It is important that server platforms be optimized for Web server performance. It’s also critical that once a server has reached its full potential, organizations are able to expand from one server to a “farm” of Web servers. This guarantees that as the demand for Web server resources increases, organizations are provided with a solution to grow. In addition, as a Web site is distributed across one or more physical servers, the availability will increase as well. In order to facilitate this growth, scalability and availability services are required to provide automatic failover in the result of a server failure and automatic load balancing of HTTP requests between Web servers.
Solaris 7 Implementation Details
Solaris Easy Access Server lacks support for any integrated fault-tolerance and/or load balancing to benefit organizations that require more than a single Web server, or wish to provide higher availability by distributing their Web site across multiple servers. Additional products are available from Sun and third parties to provide these services to the Solaris platform.
On Solaris Enterprise Server, Sun Cluster and Solaris Resource Manager are available for handling clustering and load-balancing respectively. Sun Cluster supports 4-node clusters through an extensive GUI tool that helps ensure the reliability, availability and scalability. Solaris Resource Manager can improve application performance by dynamically allocating unused resource capacity and can also manage resources on a per user or per application basis.
Windows NT Server 4.0 Implementation Details
Available as a download for Windows NT Server 4.0 Enterprise Edition is the Network Load Balancing Service (NLBS). Based on technologies developed for the Convoy Cluster Software by Valence Research. NLBS installs as a standard network driver and service. It operates in a fully transparent manner to all server applications and TCP/IP clients. Clients can access a WLBS cluster as if it were a single computer. Under normal operations, NLBS automatically balances networking traffic between the clustered computers, scaling the performance of one server to the level required by the customer. When a computer fails or goes offline, NLBS automatically reconfigures the cluster to direct client connections to the remaining computers. When the offline system returns to service, it transparently rejoins the cluster and regains its share of the workload. This service compliments the Microsoft Cluster Server by providing both load balancing and fault-tolerance at the IP level, improving performance and availability for IP-based services.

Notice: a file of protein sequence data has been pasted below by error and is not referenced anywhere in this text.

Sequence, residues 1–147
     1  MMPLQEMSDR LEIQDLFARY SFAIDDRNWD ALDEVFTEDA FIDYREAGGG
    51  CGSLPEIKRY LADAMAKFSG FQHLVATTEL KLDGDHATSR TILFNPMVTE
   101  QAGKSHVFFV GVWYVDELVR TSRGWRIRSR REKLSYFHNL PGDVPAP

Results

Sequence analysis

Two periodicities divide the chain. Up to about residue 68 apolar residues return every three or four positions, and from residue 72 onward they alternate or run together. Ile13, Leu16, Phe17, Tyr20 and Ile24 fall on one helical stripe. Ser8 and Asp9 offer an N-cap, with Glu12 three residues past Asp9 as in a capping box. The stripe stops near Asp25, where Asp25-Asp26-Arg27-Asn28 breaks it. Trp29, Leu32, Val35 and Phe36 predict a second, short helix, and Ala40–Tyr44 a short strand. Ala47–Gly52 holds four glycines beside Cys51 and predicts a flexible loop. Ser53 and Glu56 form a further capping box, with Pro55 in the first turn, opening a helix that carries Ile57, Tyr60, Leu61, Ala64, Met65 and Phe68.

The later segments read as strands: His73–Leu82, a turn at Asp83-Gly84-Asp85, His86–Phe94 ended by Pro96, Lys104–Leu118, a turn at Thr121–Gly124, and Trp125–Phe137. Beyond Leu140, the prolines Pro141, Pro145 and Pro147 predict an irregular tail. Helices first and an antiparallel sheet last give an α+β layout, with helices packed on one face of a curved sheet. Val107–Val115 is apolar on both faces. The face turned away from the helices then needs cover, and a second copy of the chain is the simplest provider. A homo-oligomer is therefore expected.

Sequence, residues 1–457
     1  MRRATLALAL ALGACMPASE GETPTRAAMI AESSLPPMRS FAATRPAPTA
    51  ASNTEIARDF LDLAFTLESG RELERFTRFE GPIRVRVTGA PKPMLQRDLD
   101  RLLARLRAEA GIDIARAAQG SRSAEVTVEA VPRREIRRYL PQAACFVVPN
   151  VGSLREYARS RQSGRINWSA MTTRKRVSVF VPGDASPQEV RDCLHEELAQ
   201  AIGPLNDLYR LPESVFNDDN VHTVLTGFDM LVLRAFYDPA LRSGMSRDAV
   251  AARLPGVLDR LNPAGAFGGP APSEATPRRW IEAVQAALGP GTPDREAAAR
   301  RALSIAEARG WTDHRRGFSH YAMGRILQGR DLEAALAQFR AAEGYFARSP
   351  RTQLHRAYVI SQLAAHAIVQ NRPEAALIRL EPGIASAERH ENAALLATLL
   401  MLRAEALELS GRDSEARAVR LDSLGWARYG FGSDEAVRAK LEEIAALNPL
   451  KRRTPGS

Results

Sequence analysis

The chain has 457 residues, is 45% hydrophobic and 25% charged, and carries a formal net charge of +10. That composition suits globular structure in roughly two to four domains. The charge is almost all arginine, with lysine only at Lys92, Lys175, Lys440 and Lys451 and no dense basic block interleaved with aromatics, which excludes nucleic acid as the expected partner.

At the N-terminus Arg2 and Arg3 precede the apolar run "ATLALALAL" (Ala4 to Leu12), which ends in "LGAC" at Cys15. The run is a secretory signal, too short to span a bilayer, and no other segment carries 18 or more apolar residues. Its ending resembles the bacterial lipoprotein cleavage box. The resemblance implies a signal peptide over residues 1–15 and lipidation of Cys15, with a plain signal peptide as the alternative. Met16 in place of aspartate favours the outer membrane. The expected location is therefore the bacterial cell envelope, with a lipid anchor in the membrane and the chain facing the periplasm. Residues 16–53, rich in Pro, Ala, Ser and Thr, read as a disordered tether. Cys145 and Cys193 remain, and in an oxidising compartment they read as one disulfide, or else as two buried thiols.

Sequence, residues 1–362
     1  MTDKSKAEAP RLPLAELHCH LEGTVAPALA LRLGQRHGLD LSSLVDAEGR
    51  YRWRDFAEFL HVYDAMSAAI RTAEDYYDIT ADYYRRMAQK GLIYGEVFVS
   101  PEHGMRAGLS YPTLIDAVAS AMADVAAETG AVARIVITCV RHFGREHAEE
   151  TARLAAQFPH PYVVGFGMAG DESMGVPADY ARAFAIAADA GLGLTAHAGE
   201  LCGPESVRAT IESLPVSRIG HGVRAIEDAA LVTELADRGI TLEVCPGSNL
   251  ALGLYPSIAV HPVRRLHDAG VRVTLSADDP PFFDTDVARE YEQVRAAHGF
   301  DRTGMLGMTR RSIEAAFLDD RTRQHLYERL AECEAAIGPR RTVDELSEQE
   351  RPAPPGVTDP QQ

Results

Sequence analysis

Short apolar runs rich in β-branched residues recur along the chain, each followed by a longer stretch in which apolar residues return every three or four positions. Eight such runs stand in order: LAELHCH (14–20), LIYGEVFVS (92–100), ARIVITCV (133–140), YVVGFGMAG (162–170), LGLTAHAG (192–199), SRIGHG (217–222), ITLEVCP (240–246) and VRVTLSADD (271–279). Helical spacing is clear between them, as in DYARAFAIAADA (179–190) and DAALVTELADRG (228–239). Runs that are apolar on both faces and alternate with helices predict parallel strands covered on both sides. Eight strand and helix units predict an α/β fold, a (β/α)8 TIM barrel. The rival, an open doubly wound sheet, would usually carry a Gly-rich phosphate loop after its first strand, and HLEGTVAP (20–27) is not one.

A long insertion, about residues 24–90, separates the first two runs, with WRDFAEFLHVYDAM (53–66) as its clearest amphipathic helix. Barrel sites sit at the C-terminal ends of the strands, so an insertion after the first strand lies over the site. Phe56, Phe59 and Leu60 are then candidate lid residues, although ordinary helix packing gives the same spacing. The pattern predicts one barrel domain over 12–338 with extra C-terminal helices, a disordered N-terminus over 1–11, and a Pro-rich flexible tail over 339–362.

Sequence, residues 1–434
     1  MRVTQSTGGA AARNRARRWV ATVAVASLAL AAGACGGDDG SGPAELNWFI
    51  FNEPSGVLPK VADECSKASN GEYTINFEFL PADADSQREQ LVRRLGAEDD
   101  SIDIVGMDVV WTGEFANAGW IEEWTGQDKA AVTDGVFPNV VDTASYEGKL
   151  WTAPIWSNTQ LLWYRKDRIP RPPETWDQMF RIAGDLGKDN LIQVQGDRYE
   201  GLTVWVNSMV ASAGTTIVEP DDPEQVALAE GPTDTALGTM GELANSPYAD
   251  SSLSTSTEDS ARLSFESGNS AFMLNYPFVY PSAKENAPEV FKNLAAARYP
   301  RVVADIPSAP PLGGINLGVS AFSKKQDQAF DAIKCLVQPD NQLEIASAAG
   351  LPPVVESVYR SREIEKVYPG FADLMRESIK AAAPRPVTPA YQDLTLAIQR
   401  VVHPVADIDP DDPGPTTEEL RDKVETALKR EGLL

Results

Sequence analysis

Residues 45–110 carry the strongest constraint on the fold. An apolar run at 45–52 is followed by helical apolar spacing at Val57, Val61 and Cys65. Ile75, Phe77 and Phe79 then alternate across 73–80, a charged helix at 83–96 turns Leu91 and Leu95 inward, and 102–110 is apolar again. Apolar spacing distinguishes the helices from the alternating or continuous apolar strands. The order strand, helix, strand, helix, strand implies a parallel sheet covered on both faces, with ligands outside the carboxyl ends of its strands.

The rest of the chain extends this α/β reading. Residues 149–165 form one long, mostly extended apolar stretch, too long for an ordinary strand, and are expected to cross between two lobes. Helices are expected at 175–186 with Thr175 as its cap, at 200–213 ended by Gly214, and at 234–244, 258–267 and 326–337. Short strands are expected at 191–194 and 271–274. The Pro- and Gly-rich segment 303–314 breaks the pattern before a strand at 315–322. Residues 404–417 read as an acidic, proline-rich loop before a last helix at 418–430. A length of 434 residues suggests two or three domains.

Windows 2000 Server will continue to support the same Web farm clustering solutions for scalability and availability as outlined above for Windows NT Server 4.0. Performance enhancements in IIS 5.0 allow for significantly better performance on SMP systems or those hosting large numbers of sites. These enhancements allow many more sites to be deployed on a single server and provide for significantly better performance, reducing total cost of ownership.